NVR, Inc. Clean Water Act Settlement
WASHINGTON (June 15, 2017) -- The U.S. Environmental Protection Agency (EPA) today announced that it has reached an agreement with home developer NVR, Inc., where NVR will implement a program to improve compliance with federal clean water laws at its sites nationwide. Today’s agreement resolves allegations that NVR failed to comply with federal requirements to properly address pollution from stormwater at some of the company’s sites in New Jersey and New York.
On this page:
- Overview of Company
- Injunctive Relief
- Pollutant Impacts
- Health and Environmental Benefits
- Civil Penalty
- Comment Period
Overview of Company
NVR, Inc. constructs, markets and sells a variety of residential properties and NVR currently constructs homes in fourteen states including New York and New Jersey. NVR’s typical business practice is to purchase lots for home construction within large subdivisions that were developed and originally owned by other companies.
NVR violated the stormwater requirements of the Clean Water Act by failing to obtain coverage under a National Pollutant Discharge Elimination System (NPDES) permit prior to commencing construction activities at 65 sites in New York and New Jersey. In addition, once NVR obtained the required permit coverage, it failed to comply with permit requirements at several sites inspected by EPA. EPA inspectors identified inadequately implemented or maintained sediment and erosion controls such as silt fencing, protection at construction entrances and storm drain inlet protection.
The proposed consent decree requires NVR to implement a company-wide stormwater compliance program that includes enhanced management oversight of all construction sites, adequate employee training, and additional inspections beyond the routine inspections required by NPDES permits. Under this compliance program, NVR will:
- Designate trained stormwater compliance representatives at the site, division and corporate levels who will be responsible for stormwater compliance at each site.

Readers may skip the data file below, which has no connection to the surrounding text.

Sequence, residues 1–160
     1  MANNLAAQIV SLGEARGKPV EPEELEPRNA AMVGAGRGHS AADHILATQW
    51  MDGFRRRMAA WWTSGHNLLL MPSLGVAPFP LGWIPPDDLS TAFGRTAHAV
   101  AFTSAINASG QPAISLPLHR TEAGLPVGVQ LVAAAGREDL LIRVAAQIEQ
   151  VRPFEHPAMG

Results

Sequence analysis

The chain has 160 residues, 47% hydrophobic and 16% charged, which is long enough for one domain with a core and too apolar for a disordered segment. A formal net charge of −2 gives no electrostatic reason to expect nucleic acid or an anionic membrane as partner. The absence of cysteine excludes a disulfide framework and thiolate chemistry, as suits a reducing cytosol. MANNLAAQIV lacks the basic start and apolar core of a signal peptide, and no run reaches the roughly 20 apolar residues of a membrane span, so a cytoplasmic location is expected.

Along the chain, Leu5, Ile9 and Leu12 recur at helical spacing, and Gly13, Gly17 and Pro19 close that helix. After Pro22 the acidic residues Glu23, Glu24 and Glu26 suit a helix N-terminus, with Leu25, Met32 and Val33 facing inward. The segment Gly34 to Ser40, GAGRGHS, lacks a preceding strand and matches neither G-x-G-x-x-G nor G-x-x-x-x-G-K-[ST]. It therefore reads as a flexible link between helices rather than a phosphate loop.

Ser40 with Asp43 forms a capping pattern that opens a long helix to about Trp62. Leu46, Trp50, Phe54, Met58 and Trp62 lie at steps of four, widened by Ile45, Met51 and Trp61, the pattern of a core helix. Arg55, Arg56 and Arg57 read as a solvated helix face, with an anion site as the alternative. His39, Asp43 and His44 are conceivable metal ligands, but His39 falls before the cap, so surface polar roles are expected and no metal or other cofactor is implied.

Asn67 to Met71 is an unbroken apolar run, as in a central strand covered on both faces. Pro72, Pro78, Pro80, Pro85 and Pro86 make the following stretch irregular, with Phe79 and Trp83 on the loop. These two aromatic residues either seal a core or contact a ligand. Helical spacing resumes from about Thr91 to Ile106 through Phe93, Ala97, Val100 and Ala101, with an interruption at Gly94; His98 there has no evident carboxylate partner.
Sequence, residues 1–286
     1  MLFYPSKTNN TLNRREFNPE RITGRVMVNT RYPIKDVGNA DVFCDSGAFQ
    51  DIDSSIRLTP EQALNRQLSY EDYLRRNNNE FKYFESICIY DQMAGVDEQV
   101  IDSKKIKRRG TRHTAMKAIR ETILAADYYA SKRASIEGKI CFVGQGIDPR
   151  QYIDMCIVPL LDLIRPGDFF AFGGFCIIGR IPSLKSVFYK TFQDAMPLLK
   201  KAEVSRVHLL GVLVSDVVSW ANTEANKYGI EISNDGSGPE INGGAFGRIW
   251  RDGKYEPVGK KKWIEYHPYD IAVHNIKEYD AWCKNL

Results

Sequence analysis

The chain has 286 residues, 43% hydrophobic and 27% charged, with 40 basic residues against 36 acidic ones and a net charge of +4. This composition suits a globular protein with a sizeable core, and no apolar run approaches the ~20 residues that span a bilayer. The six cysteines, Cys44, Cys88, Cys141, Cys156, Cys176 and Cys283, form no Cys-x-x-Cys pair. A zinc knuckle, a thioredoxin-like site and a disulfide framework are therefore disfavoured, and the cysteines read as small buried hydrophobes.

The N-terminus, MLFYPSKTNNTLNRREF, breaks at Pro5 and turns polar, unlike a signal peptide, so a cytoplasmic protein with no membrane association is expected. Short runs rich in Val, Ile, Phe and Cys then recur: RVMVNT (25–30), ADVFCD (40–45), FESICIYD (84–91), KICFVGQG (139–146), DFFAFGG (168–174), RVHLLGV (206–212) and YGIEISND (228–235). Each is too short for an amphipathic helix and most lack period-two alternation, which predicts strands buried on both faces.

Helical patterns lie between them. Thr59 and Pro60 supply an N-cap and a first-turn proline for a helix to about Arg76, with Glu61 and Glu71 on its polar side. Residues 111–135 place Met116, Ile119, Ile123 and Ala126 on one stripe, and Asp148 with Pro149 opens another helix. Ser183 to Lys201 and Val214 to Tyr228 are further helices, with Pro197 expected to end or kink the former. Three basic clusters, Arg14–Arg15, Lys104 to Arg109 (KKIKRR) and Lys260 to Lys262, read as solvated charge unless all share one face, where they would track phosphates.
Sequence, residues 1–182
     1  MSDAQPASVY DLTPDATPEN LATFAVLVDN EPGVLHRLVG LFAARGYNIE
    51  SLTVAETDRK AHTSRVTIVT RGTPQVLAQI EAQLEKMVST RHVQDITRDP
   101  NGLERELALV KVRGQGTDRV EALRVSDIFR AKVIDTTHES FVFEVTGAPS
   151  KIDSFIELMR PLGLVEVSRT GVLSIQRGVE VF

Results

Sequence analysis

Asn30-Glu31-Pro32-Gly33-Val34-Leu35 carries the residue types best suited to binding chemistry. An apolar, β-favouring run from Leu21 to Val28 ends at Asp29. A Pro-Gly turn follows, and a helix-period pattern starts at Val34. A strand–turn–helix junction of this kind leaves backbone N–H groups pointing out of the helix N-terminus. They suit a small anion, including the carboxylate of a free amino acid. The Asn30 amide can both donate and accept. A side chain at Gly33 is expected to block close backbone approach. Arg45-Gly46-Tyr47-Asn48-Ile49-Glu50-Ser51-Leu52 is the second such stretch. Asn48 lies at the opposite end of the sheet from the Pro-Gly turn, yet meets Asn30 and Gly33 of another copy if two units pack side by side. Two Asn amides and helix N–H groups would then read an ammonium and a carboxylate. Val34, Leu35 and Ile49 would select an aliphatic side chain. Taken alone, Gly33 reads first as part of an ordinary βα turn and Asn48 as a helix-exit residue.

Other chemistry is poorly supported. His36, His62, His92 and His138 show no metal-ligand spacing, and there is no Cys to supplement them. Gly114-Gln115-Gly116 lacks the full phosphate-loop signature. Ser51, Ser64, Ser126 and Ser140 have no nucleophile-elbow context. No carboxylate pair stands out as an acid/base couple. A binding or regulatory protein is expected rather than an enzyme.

- Conduct pre-construction inspections at all new sites to ensure NPDES permits are obtained, stormwater pollution prevention plans are developed, and adequate stormwater controls are in place.
- Conduct management oversight inspections at every site each quarter.
- Implement a stormwater compliance training program for all stormwater compliance managers and other employees involved in construction activities.
- Submit national compliance reports to EPA annually.
Construction stormwater NPDES permits require construction site operators to develop stormwater pollution prevention plans and implement practices that minimize erosion and the discharge of sediment and other pollutants in stormwater. NVR’s implementation of the company-wide compliance program required by the proposed consent decree will reduce the discharge of sediment and other pollutants from its construction sites into waterways.
Health and Environmental Benefits
Stormwater runoff from construction activities can significantly impact water quality. As stormwater flows over a construction site, it can pick up pollutants such as sediment, debris and chemicals and transport them to streams, rivers, lakes or coastal waters. Stormwater discharges containing sediment and turbidity can cause an array of physical, chemical and biological impacts on receiving waters. In addition to sediment and turbidity, other pollutants associated with construction sites (e.g., metals, organic compounds and nutrients) may become absorbed by or adsorbed onto mineral or organic particles found in fine sediment and subsequently discharged via stormwater runoff to nearby waters. The sediment, turbidity and other pollutants entrained in stormwater discharges contribute to aquatic ecosystem degradation, increased drinking water treatment costs, and impairment of the recreational uses and aesthetic values of waters. Sediment can also accumulate in rivers, lakes and reservoirs, leading to the need for dredging or other mitigation to prevent reduced water storage or navigation capacity.
NVR will pay a civil penalty of $425,000.
The settlement, lodged in the U.S. District Court for the District of New Jersey, is subject to a 30-day public comment period and final court approval. Information on submitting comment is available at the Department of Justice.
For more information, contact:
Water Enforcement Division
1200 Pennsylvania Ave, NW (Mail Code 2243A)
Washington, DC 20460